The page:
Year in Reading alum Maria Popova of Brain Pickings writes her first book review for The New York Times on Dark Matter and the Dinosaurs by Lisa Randall, a Harvard cosmologist. Randall proposes ”that a thin disk of dark matter in the plane of the Milky Way triggered a minor perturbation in deep space that caused the major earthly catastrophe that decimated the dinosaurs.” Jenny Hendrix writes about modern-day extinction for The Millions.
“She loved that I had to kiss her goodbye 16 times or 24 times if it was Wednesday.” In poet Neil Hilborn’s slam poem “OCD,” he discusses what it’s like for a person with obsessive compulsive disorder to fall in love and incorporates his tics in the performance.
In an article for Vanity Fair, Meredith Turtis argues that “perhaps fiction… can change the place women have in history,” by giving forgotten figures new lives as characters with fascinating stories to tell. She cites Paula McClain‘s just-released Circling the Sun, about a trailblazing female aviator, and Megan Mayhew Bergman‘s Almost Famous Women, which could have been included based on the title alone. Her argument pairs well with our own Hannah Gersen‘s review of Jami Attenberg‘s Saint Mazie, a novel that fictionalizes the life and voice of a very real “Bowery celebrity.”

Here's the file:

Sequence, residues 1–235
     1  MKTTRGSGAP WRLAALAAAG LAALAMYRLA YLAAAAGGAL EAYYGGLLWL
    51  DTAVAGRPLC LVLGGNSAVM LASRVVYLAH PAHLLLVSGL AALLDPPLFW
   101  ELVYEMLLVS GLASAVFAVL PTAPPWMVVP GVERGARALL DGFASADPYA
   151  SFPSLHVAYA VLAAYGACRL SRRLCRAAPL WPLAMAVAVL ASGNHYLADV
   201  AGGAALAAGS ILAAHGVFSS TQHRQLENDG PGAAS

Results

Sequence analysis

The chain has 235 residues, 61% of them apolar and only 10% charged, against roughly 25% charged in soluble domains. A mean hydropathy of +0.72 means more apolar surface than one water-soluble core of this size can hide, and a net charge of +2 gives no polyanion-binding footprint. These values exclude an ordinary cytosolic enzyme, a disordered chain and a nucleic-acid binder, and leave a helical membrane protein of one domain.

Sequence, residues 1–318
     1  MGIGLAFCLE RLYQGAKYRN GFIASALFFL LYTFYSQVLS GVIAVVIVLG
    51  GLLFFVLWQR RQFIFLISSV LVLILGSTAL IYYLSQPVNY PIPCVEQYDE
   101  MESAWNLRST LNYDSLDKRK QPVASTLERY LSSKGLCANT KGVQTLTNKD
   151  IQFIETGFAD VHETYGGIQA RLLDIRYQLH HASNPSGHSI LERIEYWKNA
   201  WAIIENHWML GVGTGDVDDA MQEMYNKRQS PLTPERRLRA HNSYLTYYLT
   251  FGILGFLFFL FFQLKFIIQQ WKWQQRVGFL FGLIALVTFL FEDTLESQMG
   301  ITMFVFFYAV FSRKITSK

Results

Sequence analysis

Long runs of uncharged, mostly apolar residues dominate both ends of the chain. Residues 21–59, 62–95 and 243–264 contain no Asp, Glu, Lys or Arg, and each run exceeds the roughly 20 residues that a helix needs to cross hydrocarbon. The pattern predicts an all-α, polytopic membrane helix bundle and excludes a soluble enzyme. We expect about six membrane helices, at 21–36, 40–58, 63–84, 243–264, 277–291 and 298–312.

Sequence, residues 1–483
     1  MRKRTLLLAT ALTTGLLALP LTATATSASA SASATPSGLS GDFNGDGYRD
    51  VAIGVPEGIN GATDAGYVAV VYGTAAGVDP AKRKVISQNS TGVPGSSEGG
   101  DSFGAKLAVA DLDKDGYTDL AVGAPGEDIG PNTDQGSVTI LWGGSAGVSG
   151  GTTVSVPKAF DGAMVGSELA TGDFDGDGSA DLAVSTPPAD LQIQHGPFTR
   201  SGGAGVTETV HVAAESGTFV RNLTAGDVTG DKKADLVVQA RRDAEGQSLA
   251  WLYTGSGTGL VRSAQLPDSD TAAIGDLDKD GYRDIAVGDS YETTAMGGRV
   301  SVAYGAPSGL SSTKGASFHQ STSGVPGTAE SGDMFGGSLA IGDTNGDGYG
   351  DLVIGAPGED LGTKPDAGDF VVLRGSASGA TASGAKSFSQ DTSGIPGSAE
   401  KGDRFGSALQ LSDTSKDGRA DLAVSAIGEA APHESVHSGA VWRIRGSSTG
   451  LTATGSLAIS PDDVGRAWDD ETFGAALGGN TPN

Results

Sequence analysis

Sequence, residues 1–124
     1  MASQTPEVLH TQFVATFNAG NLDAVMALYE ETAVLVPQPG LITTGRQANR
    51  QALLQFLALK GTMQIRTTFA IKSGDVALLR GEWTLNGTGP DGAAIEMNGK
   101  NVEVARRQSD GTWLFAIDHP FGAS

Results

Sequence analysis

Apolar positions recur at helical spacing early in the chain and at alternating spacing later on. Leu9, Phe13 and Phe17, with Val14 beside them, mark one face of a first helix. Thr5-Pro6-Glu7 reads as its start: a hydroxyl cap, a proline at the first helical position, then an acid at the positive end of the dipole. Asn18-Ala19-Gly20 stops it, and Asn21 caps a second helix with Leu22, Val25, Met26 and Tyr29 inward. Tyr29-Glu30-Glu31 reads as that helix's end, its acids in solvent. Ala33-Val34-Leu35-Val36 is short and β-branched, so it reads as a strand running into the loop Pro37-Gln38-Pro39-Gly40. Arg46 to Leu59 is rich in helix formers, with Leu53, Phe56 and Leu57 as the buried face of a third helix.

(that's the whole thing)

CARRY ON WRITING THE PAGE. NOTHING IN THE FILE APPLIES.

Maria Popova, who recently wrote a Year In Reading post for our series, has teamed up with artist Lisa Congdon on a new project concerning notable women working in art, science and literature. For each week in 2013, The Reconstructionists will present an illustrated portrait of one “trailblazing woman, along with a hand-lettered quote that captures her spirit.” Updates will also feature a “sort micro-essay about her life and legacy.” Up first in the series are Anaïs Nin, Gertrude Stein, Agnes Martin, and Hedy Lamarr.